The entire verse of this second chapter of II Peter reads as follows: “But there were false prophets also among the people, even as there shall be false, teachers among you, who privily shall bring in damnable heresies, even denying the Lord that bought them, and bring upon themselves swift destruction.”

The problem of the particular phrase which is the topic of this article is not that these false teachers denied the Lord. That of course is rather characteristic of false teachers. But the point is we are told by the apostle Peter that these false teachers denied the Lord that bought them. Understanding this, several questions arise immediately for the Reformed believer. Naturally they who believe in a universal atonement have no problem here whatever. They will reason as follows: “Christ atoned for every man, woman and child under the sun, but whether this atonement is to be effective in the case of every person depends upon the individual himself. He must believe, he must accept Christ and His salvation.” It stands to reason if that is true it is rather simple and also quite common that people deny the Lord that bought them.

Again, there is no difficulty here for those who deny the perseverance of the saints. The Arminian who teaches: “That the true believers and regenerate not only can fall from justifying faith and likewise from grace and salvation wholly and to the end, but indeed often do fall from this and are lost forever,” has no problem here at all. This seems to be exactly a text which proves his point.

However, there is in this phrase, especially at first glance, a great difficulty for the Reformed believer. For the Reformed believer denies universal atonement. He confesses limited atonement. “It was the will of God that Christ by the blood of the cross, whereby He confirmed the new covenant should effectually redeem out of all people, tribe, nation and language, all those, and those only, who were from eternity chosen to salvation, and given to Him by the Father.” (Canons, Second Head of Doctrine, article 8).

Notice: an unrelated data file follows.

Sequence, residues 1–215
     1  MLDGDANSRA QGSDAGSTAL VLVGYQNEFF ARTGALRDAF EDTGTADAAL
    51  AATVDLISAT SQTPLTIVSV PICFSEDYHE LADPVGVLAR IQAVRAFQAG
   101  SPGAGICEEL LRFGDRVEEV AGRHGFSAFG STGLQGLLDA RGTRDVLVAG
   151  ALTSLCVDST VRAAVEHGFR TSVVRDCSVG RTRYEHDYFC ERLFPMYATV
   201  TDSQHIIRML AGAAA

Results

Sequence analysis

Furthermore the Reformed believer confesses the perseverance of the saints: “But God who is rich in mercy, according to His unchangeable purpose of election, does not wholly withdraw the Holy Spirit from His own people, even in their melancholy falls; nor suffers them to proceed so far as to lose the grace of adoption, and1 forfeit the state of justification, or to commit the sin unto death; nor does He permit them to be totally deserted, and to plunge; themselves into everlasting destruction.” (Canons, Fifth Head of Doctrine, article 6).

And both these two points of doctrine, limited atonement and perseverance of the saints, the Reformed believer bases upon and proves from Scripture. If we were writing about these two doctrinal subjects we would give textual proof, now this is not necessary; besides, our space is limited. Our purpose was first of all to clearly state the apparently insurmountable difficulty of our text for the Reformed believer. The text speaks of “Denying the Lord that bought them.” A Reformed man says:   “That is impossible, that is contrary to all of Scripture.” On the other hand the text teaches it. How can we explain this, what is the solution?

We have already eliminated the Pelagian-Arminian solution. Their so-called [solution sounds very simple, but they come to it after first denying some very fundamental doctrines of Scripture.

Of course for the Reformed exegete there is a temptation that he tries to explain the text in the light of his dogmatics and by a convenient twisting of words make the text say something altogether different than what it actually expresses. I came across a rather clumsy explanation of this kind in an old Standard Bearer, Vol. 4, page 334. Some well-meaning, good Protestant Reformed brethren, would explain the phrase as follows “These false teachers denied that the Lord, Christ, bought them, namely His people.” Now, that may sound like an easy way out but this is definitely no solution. The word them does not refer to the Church as such, but very definitely to the false teachers. Hence this method of trying to solve the problem the editor of the Standard Bearer called at that time, and correctly so “inlegkunde.”